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Posts Tagged ‘Jonathan Miller’

[Sounding Bored] The RAC Report 4Q 2006

February 15, 2007 | 11:15 am | Columns |

Sounding Bored is my semi-regular column on the state of the appraisal profession. This week I present RAC’s newest report.

I have been a member of Relocation Appraisals & Consultants (RAC) for about ten years. Its considered the cream of the relocation appraisal industry crop and their focus is to bring professionalism to relocation assignments for third party companies who manage employee moves around the world. Some of the best appraisers in the country are members of this organization.

The Manhattan real estate market is dominated by co-ops and many corporations are afraid of them so relocation volume here is pretty light. Its ironic because the foreclosure rate for co-ops is less than condos and co-op boards, for all the bad stories than have been said about them, actually filter out marginally qualified purchasers (because lenders have very low underwriting criteria these days) and discourage investors (flippers).

Even with low relocation volume as a firm, we have been rated by various relocation companies as being one of the most accurate. The last report we received a few years ago indicated we were averaged ±3% of the final sales price as compared to our estimate. The next closest appraiser (who was not a member of RAC) averaged ±10%.

One of the neat by-products of getting so many good appraisers together from around the country is an endless source of information and insight from these individuals. Leaders of the organization have been involuable to me for my professional growth as an appraiser. A few names include Chip Wagner (IL), Jeff Otteau (NJ), Butch Hicks (VA), Brad Charnas (OH), Rick Foos, (CA), Jay Delich (AZ), Colleen Welch (FL), Marie Robbins-Marine (CO), Bob Headrick (IL), Howard Babcock (MI), Suzanne Bloyed (OK), Thomas Allen (OK) and Ron Box (TX) to only name a few. There are many others in the organization that I admire and have learned from.

The price of membership, even if relocation work does not dominate your practice, is well worth it (if you are accepted). They are only interested in seasoned appraisers with references and have membership criteria outlined on their web site [pdf].

But I digress…

One of the by products of cooperation has been the RAC Report which is a market by market depiction of areas covered by members that has been standardized to included absorption, prices and volume by price strata. There is a wide array of markets covered (Manhattan doesn’t fit well into the criteria standard in addition to our lack of an MLS). Data on various New York City markets can be culled from my family of market reports available on my web site.

The redesign of the RAC report and site was spearheaded by Lee Burns, a very good appraiser and member of RAC based in Houston, Texas. The report allows the reader to peruse most of the major US markets to get a better understanding of where the risk lies in the market strata the house they are managing in inventory is likely to be.

These are the markets covered:

Akron Metro Area
Atlanta Northeast Metro Area
Boston Metro Area
Canton Metro Area
Chicago Metro Area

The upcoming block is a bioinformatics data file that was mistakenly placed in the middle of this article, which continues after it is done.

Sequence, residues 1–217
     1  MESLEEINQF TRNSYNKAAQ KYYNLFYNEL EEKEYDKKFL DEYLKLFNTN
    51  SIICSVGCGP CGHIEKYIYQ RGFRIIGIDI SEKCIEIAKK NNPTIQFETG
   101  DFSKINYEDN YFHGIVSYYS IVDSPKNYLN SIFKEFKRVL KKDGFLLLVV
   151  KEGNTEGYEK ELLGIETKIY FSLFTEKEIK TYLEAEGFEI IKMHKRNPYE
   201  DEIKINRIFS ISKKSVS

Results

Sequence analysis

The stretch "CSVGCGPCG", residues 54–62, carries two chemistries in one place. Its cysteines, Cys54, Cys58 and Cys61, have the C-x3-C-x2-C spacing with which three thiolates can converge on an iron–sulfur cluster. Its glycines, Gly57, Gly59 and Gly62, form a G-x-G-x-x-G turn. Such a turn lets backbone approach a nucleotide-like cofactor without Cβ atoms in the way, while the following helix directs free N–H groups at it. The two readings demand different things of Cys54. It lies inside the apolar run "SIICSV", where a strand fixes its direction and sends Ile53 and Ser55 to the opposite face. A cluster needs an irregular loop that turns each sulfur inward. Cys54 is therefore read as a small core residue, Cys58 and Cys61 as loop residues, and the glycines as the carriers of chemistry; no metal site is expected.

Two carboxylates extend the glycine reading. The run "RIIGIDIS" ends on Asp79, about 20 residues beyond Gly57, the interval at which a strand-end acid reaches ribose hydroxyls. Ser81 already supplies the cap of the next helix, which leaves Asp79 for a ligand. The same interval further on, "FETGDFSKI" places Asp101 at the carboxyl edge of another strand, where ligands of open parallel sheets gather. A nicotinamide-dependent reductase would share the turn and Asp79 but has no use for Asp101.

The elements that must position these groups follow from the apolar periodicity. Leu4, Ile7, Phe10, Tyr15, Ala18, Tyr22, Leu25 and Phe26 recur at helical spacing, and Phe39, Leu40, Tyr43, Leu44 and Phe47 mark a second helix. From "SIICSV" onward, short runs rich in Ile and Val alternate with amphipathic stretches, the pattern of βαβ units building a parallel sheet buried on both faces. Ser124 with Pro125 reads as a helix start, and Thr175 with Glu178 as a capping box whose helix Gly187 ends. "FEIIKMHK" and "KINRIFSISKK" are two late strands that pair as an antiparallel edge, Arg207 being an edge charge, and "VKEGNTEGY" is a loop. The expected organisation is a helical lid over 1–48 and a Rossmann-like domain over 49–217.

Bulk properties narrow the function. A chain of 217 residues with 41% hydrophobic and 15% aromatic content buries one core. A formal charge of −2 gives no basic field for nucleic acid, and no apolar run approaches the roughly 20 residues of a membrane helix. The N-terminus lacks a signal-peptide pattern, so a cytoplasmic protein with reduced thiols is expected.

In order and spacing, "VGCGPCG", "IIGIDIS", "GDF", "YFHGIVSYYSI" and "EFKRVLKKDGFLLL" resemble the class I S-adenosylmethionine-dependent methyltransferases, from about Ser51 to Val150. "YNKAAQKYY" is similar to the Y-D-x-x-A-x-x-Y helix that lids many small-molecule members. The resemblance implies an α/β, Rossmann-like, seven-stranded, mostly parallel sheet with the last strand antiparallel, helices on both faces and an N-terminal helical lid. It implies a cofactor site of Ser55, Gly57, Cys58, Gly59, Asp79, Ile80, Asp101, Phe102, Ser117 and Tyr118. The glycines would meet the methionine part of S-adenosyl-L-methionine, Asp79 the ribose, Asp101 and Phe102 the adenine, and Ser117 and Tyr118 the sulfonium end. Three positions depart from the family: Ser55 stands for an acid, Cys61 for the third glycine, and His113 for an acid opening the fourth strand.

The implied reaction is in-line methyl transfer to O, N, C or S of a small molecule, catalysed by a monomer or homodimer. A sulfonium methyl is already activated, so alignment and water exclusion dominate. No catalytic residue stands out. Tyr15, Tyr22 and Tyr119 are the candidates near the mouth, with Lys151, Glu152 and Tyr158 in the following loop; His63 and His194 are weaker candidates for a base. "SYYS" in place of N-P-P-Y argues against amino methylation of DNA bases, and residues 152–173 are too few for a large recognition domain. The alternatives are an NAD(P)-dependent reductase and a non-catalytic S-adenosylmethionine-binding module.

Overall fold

Cleveland Metro Area
Columbus Metro Area
Corona California
Dallas Metro Area
Denver Metro Area
Detroit Metro Area
Greater Pittsburgh
Houston Metro Area
Las Vegas Metro Area
Los Angeles South Bay Metro Area
Los Angeles Southeast Metro Area
Los Angeles Westside to Central (CLAW)
Madison, WI Metro Area
New Jersey-Montclair Line
New Jersey-Summit/Chatham/Madison
Orange County, California
Phoenix Metro Area
San Antonio Metro Area
San Diego Metro Area
St. Louis Metro Area
Tampa Bay Area
Tucson Metro Area
Tulsa Metro Area
Washington, D.C. Metro Area (Suburban VA and MD included)
Wichita Metro Area

I plan on sharing the results every quarter as the reports are released.

4th Quarter 2006 RAC Report

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[Sounding Bored] AMCO Opts To Partially Pay Some Very Old Debts

February 14, 2007 | 11:25 pm | Columns |

Sounding Bored is my semi-regular column on the state of the appraisal profession. I am still hung up on this AMCO thing, but I think I am getting close to the end of the final chapter.

Two weeks ago after I posted my last discussion about AMCO, I started to get nervious about our non-payment of $15,000+ in outstanding appraisal fees, the majority of them are more than 6 months overdue.

I had been promised by AMCO that a check was written for $10,000, but no check ever arrived. Thinking that they were not likely to ever pay us, I decided to involve my former client in my efforts since I wasn’t really sure if they understood that most of their appraisers were cut off from work once they moved their business to AMCO. Since I wasn’t getting satisfaction of my debt, I felt I had nothing to lose.

I sent several emails to AMCO, copying my client, demanding payment of my debt. I explained the over six month thing, the lack of returned calles from accounts payable and the $10,000 check that never came.

Low and behold, I got an email from AMCO saying a check was being paid to us for $13,000 and they even provided a check number as proof. I was pretty skeptical until I got an email from my original client saying that they had interceded and forced the issue. They also informed me that they would be taking control of the appraisal process and we would start getting work again.